The opposition opposed to the current political order and seeking to supplant it represents foreign interests and more specifically, the United States and its European allies.

The Opposition is Pro-Washington, Not “Pro-Democracy”

As early as 2002, US-backed regime change targeting then Venezuelan president Hugo Chavez, sought to violently overthrow Venezuela’s political order and replace it with one obedient to Washington. Current leaders of the opposition were not only involved in the 2002 failed coup, many are documented to have received political and financial support from the United States government ever since.

Maria Corina Machado, founder of Sumate, an alleged Venezuelan election monitoring group, funded by the US National Endowment for Democracy (NED), meeting with US President George Bush who presided over the failed coup attempt seeking to oust President Hugo Chavez. (Source: Land Destroyer Report)

This includes several founders of the opposition party, Primero Justicia (Justice First), including Leopoldo Lopez, Julio Borges, and Henrique Capriles Radonski. The latter of the three has been prominently featured in Western media coverage lately.

US State Department documents reveal that the department itself along with US-funded fronts posing as nongovernmental organizations (NGOs) have been providing Venezuela’s opposition with support.

This includes a  report titled, “Status of Capriles and Sumate Cases,” referring to the above mentioned Henrique Capriles Radonski and Sumate, a US National Endowment for Democracy (NED) funded front posing as an election monitor.

Currently, NED’s own website features an extensive list of activities it is engaged in within Venezuela’s borders. It includes leveraging human rights for political gain, electoral manipulation, building opposition fronts, and expanding pro-opposition media. While each activity is labelled with benign titles, it is clear that none of these activities are done impartially, and as State Department documents reveal, these activities are done specifically for the benefit of the US-backed opposition.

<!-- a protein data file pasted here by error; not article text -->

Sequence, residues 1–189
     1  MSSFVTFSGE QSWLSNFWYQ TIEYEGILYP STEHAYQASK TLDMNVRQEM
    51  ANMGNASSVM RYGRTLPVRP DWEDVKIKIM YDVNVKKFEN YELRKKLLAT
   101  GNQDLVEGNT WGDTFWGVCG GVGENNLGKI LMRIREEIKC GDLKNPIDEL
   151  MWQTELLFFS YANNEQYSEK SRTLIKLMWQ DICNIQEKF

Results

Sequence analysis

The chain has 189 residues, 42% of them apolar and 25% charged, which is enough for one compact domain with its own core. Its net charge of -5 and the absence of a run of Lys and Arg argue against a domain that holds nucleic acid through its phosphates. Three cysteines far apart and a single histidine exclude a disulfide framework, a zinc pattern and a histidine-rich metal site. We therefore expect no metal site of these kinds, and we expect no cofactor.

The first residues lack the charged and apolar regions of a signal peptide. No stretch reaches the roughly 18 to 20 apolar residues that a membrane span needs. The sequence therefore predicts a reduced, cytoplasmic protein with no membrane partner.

Wall Street and Washington’s Open Conspiracy 

After the death of Chavez in 2013, US-based special interests openly conspired to finally overturn the political order he built. Corporate-financier policy think tank, the American Enterprise Institute (AEI) created a checklist of US foreign policy goals it sought to achieve in Venezuela. They included:

  • The ouster of narco-kingpins who now hold senior posts in government
  • The respect for a constitutional succession
  • The adoption of meaningful electoral reforms to ensure a fair campaign environment and a transparent vote count in expected presidential elections; and
  • The dismantling of Iranian and Hezbollah networks in Venezuela

In reality, AEI is talking about dismantling entirely the obstacles that have prevented the US and the corporate-financier interests that direct it, from installing a client regime and extracting entirely Venezuela’s wealth while obstructing, even dismantling the geopolitical independence and influence achieved by Chavez in Venezuela, throughout South America, and beyond.

The think tank would continue by stating: